LOU REED (Velvet Underground)

Transformer (Vinyl)

25,08 €

Description

A1 Vicious 2:55
A2 Andy's Chest 3:17
A3 Perfect Day 3:43
A4 Hangin' 'Round 3:39
A5 Walk on the Wild Side 4:12
B1 Make Up 2:58
B2 Satellite of Love 3:40
B3 Wagon Wheel 3:19
B4 New York Telephone Conversation 1:31
B5 I'm So Free 3:07
B6 Goodnight Ladies 4:19

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Until recently I hadn't heard Transformer for the best part of eight years. Not because I didn't like it, or never owned a copy, but because I was too foolishly generous towards an ex-girlfriend of mine and gave her my CD copy. I shouldn't have let her have it, but I've not regretted it to the point that I felt moved to buy another copy. No, the absence of Transformer from my music collection served as a reminder that no one thinks any better of me just because I'm a nice guy. So it was until recently when I finally heard Transformer again after years of realising how foolish I had been.

I guess I have to admit to not being the biggest Lou Reed or The Velvet Underground fan. Regardless of that, the return of Transformer to my music collection was like encountering an old friend after years of not seeing each other and just picking up exactly where you'd left off. The same songs still remind me of the same people as they did when I first purchased it back in the late 90s, which was a mixed blessing as many of those people are very much in my past and I hadn't thought about them for years. 'Vicious' still reminds me of a girl who I had exactly three dates with before she admitted that she was only dating me to jerk me around in the same manner that the male population had jerked her around previously. 'Perfect Day' is still a great little tune that has been absolutely ruined by far too many horrible covers over the decades. Even the album's best known tune, 'Walk on the Wild Side' primarily reminds me of a time when the guy I had previously assumed to be my best friend decided it was okay to go and fuck my ex-girlfriend, for no better reason than he could, regardless of how I still felt about her.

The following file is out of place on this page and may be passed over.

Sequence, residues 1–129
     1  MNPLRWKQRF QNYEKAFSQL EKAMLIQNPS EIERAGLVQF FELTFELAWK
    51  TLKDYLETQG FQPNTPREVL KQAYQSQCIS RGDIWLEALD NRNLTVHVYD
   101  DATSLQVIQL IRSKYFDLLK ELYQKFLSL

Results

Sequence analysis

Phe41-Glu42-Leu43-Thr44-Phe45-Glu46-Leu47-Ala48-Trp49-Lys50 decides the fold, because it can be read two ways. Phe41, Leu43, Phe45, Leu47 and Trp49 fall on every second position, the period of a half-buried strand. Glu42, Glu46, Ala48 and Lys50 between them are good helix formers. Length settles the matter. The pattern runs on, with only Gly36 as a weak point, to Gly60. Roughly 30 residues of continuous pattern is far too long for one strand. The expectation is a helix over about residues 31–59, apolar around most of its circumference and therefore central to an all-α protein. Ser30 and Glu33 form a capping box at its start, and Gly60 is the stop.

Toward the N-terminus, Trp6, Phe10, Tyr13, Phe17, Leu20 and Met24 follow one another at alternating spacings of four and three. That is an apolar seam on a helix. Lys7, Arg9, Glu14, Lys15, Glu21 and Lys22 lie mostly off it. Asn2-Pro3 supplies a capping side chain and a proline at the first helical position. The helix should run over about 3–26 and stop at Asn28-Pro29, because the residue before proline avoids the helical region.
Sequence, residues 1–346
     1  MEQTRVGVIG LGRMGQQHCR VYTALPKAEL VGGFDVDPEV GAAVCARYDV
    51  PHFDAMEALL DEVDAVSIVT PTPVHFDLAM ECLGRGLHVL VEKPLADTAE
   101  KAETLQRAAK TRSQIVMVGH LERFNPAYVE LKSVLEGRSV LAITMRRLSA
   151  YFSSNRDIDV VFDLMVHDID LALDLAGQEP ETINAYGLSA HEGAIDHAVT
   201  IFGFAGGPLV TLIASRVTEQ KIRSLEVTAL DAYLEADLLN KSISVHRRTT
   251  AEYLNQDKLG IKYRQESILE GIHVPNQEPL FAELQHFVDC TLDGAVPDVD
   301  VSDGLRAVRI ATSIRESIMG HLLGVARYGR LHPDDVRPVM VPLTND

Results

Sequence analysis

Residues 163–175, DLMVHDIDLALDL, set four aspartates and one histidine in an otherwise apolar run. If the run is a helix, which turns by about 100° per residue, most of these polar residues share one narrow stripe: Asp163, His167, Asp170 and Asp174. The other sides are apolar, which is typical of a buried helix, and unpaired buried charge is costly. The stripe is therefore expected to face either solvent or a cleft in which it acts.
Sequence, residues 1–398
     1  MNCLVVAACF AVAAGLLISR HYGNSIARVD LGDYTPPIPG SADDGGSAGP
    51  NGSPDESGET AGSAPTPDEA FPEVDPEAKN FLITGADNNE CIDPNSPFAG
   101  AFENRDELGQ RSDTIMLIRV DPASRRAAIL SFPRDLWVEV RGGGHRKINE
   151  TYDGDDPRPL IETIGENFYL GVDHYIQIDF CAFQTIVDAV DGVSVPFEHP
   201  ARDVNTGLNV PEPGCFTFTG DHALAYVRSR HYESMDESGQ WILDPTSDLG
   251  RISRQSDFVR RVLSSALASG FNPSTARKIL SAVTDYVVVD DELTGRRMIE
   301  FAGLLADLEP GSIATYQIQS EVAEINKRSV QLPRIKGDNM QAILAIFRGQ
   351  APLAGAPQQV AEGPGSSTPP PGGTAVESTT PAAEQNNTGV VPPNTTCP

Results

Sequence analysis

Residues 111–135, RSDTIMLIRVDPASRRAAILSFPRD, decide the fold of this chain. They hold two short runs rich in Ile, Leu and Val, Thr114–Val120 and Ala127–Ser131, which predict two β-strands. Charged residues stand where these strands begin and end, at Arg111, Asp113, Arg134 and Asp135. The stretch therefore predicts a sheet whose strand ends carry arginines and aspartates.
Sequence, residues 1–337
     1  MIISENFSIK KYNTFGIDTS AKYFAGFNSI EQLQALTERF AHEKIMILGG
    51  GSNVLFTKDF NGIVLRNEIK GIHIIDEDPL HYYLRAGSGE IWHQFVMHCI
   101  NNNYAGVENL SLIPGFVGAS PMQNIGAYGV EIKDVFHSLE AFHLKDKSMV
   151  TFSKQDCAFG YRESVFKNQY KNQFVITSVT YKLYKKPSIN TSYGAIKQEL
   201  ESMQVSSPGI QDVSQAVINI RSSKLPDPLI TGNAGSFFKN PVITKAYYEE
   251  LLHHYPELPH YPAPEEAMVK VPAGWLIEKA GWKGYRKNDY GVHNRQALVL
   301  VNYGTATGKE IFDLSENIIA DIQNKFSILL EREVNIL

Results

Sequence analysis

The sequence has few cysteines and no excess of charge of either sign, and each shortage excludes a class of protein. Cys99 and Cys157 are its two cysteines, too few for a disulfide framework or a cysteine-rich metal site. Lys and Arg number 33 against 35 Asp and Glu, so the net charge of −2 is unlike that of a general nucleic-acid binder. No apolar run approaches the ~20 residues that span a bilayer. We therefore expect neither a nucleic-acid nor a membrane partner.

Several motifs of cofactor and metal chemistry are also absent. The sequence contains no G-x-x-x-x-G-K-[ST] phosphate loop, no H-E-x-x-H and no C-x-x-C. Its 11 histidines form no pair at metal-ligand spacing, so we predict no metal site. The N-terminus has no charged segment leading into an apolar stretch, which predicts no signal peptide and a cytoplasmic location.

Personal memories aside, Transformer is a great little pop album. I've always had a soft spot for 'Andy's Chest' and the sweet 'Satellite of Love'. Despite the quiet mastering of the album, Bowie and Ronson's production job is actually pretty good, and they give the often dour Reed a playful edge that he really should indulge in more often. Sure, it has a clutch of filler tracks, but hell, it wouldn't be Lou Reed if it wasn't flawed.

What is often overlooked when listening to Transformer is the great band that was backing Reed during this album, from the super-session bass supremo, Herbie Flowers, to brilliant backing vocalists Thunderthighs, to guitar-slinging co-producer Mick Ronson, who is credited as playing the majority of lead guitar throughout Transformer - and Reed is no slouch on guitar either.

If you're a Lou Reed fan, then there's every chance that Transformer is one of your least favourite Lou Reed albums due to its unapologetic accessibility, however that's also exactly the reason I like it so much

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Transformer (Vinyl)

Transformer (Vinyl)

A1 Vicious 2:55
A2 Andy's Chest 3:17
A3 Perfect Day 3:43
A4 Hangin' 'Round 3:39
A5 Walk on the Wild Side 4:12
B1 Make Up 2:58
B2 Satellite of Love 3:40
B3 Wagon Wheel 3:19
B4 New York Telephone Conversation 1:31
B5 I'm So Free 3:07
B6 Goodnight Ladies 4:19

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